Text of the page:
FRANKFORT, Ky. — A measure that supporters say would help defendants with substance use and mental health disorders has passed the Kentucky Senate. 

What You Need To Know

  • Senate Bill 90 passed the Kentucky Senate Friday with bipartisan support

  • Sen. Whitney Westerfield is the bill sponsor

  • The bill would create a behavioral health conditional dismissal pilot program as an alternative to incarceration for people with mental health and substance use disorders

  • Under the bill, if someone successfully completes the program, their charges would be dismissed

Under a pilot program that would be in effect in counties determined by the Chief Justice of the Kentucky Supreme Court, someone charged with certain non-violent crimes determined to have a mental health or substance use disorder would be able to have their case put on hold and go into treatment instead, under certain conditions. 

Sen. Whitney Westerfield (R-Crofton), the sponsor of Senate Bill 90, told his colleagues Friday that many people in Kentucky’s prisons could benefit from that kind of intervention.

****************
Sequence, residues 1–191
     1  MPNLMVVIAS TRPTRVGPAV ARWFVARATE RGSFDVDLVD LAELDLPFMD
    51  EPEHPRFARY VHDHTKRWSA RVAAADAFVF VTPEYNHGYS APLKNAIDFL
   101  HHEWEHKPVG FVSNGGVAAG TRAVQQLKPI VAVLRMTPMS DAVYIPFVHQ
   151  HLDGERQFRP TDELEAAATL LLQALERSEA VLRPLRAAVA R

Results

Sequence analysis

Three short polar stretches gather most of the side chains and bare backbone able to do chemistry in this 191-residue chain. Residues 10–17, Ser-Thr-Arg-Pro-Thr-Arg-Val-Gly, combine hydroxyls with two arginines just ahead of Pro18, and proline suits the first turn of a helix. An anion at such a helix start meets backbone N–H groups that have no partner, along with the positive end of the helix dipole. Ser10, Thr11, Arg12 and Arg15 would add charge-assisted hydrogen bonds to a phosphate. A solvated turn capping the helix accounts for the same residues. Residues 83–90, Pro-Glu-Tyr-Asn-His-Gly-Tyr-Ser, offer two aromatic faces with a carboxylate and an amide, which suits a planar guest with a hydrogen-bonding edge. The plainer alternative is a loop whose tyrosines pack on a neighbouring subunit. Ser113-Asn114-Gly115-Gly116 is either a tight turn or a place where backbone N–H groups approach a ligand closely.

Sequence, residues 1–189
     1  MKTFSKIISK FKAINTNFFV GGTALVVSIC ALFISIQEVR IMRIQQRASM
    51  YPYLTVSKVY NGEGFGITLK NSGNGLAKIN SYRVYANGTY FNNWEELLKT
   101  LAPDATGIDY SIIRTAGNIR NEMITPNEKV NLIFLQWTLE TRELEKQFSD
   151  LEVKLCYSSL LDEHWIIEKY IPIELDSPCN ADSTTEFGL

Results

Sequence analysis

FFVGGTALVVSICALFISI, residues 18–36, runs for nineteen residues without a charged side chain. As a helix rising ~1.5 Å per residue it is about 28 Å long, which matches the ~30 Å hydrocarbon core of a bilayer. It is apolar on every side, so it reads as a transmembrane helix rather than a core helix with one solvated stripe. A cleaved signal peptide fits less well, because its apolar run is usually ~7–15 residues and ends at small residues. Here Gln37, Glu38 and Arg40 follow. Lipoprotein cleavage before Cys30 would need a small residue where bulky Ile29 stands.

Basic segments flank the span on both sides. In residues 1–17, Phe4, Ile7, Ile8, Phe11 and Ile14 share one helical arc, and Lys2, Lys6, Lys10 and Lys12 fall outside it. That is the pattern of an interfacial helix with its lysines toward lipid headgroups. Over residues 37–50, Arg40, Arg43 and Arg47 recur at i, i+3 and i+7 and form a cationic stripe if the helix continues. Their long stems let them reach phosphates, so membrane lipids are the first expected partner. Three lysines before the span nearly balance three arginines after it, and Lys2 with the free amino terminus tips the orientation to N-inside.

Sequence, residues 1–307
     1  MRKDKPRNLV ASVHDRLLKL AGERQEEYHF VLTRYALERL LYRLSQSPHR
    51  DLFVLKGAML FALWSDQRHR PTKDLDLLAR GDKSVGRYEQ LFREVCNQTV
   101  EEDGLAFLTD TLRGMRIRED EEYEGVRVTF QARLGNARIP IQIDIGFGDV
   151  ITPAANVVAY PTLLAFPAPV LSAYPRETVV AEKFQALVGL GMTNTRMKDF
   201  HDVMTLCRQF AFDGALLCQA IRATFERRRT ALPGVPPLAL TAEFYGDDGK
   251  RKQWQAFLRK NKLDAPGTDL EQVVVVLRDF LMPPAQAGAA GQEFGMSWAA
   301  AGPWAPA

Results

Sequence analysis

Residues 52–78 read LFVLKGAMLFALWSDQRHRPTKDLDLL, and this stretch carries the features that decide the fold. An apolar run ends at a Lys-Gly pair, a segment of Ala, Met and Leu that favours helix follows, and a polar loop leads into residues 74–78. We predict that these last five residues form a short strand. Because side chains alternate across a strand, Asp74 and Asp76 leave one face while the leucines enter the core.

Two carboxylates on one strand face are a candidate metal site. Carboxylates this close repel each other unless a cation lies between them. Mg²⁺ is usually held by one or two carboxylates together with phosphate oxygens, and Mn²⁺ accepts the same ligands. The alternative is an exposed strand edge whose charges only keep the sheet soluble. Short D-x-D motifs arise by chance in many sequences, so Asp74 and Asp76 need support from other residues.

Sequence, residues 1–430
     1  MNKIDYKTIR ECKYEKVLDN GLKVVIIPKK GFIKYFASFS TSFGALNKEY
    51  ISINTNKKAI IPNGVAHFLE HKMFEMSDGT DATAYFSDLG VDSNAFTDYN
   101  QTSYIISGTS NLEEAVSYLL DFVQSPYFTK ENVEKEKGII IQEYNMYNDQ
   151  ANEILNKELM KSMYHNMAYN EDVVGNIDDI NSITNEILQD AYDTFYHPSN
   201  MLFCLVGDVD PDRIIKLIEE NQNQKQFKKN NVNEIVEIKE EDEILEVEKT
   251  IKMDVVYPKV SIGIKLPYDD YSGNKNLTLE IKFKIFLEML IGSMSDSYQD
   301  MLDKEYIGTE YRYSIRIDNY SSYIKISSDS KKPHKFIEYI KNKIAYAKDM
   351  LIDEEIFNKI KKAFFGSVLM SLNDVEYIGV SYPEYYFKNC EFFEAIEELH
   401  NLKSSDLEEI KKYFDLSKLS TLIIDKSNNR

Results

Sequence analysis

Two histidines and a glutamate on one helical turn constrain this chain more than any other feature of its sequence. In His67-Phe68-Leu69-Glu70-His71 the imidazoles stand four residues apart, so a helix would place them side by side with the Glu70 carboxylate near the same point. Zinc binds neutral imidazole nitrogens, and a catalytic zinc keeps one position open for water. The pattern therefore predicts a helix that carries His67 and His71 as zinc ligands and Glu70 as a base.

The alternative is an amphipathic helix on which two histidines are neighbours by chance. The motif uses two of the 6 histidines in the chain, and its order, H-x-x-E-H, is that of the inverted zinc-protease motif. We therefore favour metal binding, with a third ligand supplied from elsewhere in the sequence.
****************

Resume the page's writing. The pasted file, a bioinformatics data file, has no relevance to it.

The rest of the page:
“Getting someone a job is the single most effective thing we can do to prevent them from committing a crime again, from creating another victim, from harming someone else, taking from someone else,” he said. “We spend a lot of time punishing these folks and we should, but if we can keep them from coming back, we’ve saved us all a bunch of trouble.”

The behavioral health conditional dismissal pilot program would include access to services like outpatient treatment, cognitive and behavioral therapies, educational and vocational services and housing assistance. 

The bill passed the Senate on Friday with bipartisan support. 

“This is a pilot project and I think we should try new and different things because we need to reduce that incarceration rate,” said Sen. Reginald Thomas (D-Lexington). “It’s not working for us and whether it succeeds or fails, I don’t know, but I think we should try something new.”

Under the bill, victims would have to be consulted and if someone successfully completes the program, their charges would be dismissed. 

The pilot program would begin in October and last four years. 

The bill moves next to the House for consideration.